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Four Lessons From Better FAFSA to Reimagine Postsecondary Transitions

In December 2020, the FAFSA Simplification Act and amendments to the FUTURE Act put the wheels into motion to overhaul the federal form that over 17 million students and families use each year to calculate eligibility for federal grants, loans and federal work-study to offset the costs of higher education. The “Better FAFSA” was released in late December 2023 and has been widely criticized. In our work with the Limitless Learning Network, Education First convenes and supports leaders across the state of Washington bridging K12, higher education and intermediary organizations who seek to increase postsecondary enrollment. We have uplifted four learnings from Limitless for K12, higher ed and intermediary partners seeking to adjust their support for students and families in response to the uncertainty of the Better FAFSA rollout.

The Better FAFSA’s delayed rollout, technical glitches and other implementation challenges have created a ripple of unintended consequences that negatively impact students and families’ ability to make informed decisions about postsecondary enrollment this year. These challenges have the potential to widen systemic inequities in postsecondary enrollment and attainment, particularly as shortened windows to apply for and navigate the financial aid process have disproportionate impacts on student subgroups that have been historically underserved, especially students from mixed-status households.

To mitigate these challenges, Limitless partners have adjusted their outreach and enrollment strategies this year to:

  • Design inclusive outreach to meet students and families’ needs
  • Remove barriers to college enrollment
  • Address reporting delays with homegrown data
  • Leverage regional partnerships to bring support into community spaces


Design outreach to meet students and families’ needs

While students and families await more details about financial aid eligibility, communication and advising strategies should be tailored to meet students and families’ needs. In a typical year, many high schools support postsecondary enrollment through a multi-pronged outreach strategy of newsletters, text campaigns, financial aid nights and more. K12 and higher ed partners can supplement existing outreach with additional touchpoints tailored to meet the diverse and varied needs in their school community, for example:

  • Federal Way Public Schools (FWPS), which serves a majority multilingual student population with over 75% of families qualifying for free- and reduced lunch, extended their outreach to create a year-long communication plan and identified new strategies to reach students and families. They varied their support offerings to consider the variety of different family work schedules. They also removed students’ barriers to participation by providing bus transportation for after-school events at the college and career centers at their four high schools.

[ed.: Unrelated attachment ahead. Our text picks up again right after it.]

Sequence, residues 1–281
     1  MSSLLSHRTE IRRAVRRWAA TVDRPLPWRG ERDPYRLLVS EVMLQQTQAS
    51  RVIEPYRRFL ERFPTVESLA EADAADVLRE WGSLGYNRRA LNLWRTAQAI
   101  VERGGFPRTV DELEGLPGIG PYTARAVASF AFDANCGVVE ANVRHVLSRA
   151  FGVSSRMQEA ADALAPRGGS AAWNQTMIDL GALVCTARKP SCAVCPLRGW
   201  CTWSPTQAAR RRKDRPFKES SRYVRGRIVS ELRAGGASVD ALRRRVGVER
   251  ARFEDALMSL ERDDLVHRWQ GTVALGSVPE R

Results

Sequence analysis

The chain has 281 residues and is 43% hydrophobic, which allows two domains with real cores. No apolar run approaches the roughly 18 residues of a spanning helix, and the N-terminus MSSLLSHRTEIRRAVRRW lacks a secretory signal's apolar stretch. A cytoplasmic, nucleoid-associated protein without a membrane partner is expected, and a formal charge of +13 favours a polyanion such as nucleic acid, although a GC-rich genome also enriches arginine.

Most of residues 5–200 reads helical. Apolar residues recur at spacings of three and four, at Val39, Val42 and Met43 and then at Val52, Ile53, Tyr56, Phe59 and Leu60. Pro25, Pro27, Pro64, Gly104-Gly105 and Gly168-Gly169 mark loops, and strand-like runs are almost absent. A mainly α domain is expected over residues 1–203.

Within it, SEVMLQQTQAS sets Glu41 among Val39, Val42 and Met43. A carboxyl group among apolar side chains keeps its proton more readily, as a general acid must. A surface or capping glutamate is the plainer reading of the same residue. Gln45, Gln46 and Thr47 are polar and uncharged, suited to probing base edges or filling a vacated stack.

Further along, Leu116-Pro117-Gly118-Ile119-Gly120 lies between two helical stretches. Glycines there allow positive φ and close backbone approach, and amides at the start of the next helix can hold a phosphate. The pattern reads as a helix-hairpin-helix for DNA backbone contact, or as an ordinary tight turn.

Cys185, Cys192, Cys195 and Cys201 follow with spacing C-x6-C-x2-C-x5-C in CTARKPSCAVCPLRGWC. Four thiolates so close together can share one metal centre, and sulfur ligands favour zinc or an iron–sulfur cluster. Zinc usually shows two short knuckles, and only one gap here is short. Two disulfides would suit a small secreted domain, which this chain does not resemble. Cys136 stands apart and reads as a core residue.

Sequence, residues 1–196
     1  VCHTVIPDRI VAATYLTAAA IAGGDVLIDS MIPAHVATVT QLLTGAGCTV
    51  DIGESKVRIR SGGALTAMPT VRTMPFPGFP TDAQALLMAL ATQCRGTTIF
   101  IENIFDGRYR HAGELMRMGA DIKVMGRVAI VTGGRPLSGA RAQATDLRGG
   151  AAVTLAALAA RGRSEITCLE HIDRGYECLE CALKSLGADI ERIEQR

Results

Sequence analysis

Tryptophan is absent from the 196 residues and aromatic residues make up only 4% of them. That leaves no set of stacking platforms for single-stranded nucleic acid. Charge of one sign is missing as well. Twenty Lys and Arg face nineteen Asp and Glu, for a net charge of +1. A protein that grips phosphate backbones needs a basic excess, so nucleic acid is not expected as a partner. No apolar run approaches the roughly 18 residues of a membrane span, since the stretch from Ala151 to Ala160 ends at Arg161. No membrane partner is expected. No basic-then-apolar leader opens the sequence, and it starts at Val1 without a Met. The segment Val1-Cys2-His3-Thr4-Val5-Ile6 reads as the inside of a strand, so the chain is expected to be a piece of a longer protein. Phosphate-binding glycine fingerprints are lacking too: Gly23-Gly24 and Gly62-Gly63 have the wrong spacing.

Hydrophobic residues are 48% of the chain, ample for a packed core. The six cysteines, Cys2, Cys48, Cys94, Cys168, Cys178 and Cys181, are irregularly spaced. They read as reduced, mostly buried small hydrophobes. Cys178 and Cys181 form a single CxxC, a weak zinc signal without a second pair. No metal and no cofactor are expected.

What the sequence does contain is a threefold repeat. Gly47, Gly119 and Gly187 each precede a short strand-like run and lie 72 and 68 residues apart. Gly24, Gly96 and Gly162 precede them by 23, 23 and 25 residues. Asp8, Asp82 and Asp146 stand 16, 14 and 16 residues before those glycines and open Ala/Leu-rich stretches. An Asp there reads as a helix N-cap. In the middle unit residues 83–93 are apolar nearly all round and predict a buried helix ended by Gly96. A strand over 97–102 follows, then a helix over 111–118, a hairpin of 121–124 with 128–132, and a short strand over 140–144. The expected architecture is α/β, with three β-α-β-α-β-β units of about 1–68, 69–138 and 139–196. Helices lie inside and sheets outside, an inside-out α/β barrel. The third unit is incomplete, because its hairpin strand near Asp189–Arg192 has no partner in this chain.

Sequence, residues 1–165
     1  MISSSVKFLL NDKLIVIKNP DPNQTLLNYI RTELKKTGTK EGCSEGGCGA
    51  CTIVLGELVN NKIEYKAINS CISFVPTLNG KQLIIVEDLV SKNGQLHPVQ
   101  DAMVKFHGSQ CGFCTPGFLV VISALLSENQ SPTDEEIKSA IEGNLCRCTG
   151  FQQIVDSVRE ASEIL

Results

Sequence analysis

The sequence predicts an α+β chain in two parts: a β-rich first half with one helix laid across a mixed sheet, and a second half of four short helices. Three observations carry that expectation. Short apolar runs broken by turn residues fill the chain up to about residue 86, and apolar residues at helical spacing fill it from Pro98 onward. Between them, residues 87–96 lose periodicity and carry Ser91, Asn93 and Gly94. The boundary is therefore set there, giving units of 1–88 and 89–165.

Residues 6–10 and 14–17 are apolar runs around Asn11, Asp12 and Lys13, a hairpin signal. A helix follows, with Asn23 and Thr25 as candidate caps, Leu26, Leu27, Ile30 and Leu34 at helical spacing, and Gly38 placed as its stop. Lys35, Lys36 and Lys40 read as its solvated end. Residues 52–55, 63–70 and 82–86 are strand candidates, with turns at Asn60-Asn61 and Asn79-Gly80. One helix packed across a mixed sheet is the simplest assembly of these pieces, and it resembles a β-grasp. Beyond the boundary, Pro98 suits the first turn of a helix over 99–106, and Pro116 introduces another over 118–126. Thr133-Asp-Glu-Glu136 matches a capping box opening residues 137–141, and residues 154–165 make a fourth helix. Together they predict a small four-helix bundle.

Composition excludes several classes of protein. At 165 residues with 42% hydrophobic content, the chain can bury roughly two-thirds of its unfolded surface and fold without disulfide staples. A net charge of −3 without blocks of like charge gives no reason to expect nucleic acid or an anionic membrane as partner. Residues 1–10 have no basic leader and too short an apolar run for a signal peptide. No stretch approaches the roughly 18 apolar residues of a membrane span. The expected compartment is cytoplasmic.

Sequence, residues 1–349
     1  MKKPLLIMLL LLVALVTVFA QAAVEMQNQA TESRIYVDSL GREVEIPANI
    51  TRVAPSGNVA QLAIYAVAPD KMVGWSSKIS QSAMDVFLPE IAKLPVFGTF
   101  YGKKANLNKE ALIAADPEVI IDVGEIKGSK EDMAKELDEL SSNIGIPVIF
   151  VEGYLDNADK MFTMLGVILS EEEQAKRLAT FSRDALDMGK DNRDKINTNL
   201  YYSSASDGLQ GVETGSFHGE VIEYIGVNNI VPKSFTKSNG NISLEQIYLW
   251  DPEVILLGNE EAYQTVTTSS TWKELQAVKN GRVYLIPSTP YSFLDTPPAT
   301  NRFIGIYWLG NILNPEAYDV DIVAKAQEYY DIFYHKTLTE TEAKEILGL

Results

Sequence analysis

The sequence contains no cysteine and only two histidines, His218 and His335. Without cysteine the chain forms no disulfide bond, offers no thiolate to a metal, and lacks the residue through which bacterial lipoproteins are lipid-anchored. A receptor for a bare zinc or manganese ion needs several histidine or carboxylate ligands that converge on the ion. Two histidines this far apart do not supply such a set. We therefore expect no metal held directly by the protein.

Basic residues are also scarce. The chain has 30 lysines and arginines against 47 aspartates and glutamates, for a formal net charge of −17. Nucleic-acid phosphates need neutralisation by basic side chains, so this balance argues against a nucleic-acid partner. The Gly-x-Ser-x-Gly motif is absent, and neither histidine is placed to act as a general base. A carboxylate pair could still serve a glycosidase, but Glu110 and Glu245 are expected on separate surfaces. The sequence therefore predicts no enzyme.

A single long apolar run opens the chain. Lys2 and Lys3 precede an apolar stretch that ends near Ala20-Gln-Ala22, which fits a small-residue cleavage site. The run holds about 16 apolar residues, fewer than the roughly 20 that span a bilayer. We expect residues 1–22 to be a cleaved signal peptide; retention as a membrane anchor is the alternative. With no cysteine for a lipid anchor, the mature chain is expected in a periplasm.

• The Washington State Achievement Council (WSAC) continues to offer student- and family-centered materials for educators and practitioners. The agency’s 12th Year Campaign resources increase awareness of federal and state-based aid programs, while removing stigma and bias. WSAC urges practitioners to promote federal- and state-based aid programs in all outreach to signify equitable support and reduce barriers to the college-going process—whether students will ultimately fill out the FAFSA or WASFA.
  • Develop multilingual outreach materials—or leverage existing resources. For example, in addition to offering free resources for counselors, uAspire provides financial aid checklists in 8 languages specifically designed for students and families navigating the process.


Remove barriers to college enrollment

To mitigate the negative impacts caused by the Better FAFSA delays, administrators at four-year, community and technical colleges should consider how higher education can take the pressure off of students, families and colleagues in K12. Colleges and universities can learn from pivots in 2020 and 2021 to navigate uncertainty around enrollment during the COVID-19 pandemic. To remove barriers to enrollment, higher ed leaders should think about undue costs as well as deadline extensions. For example: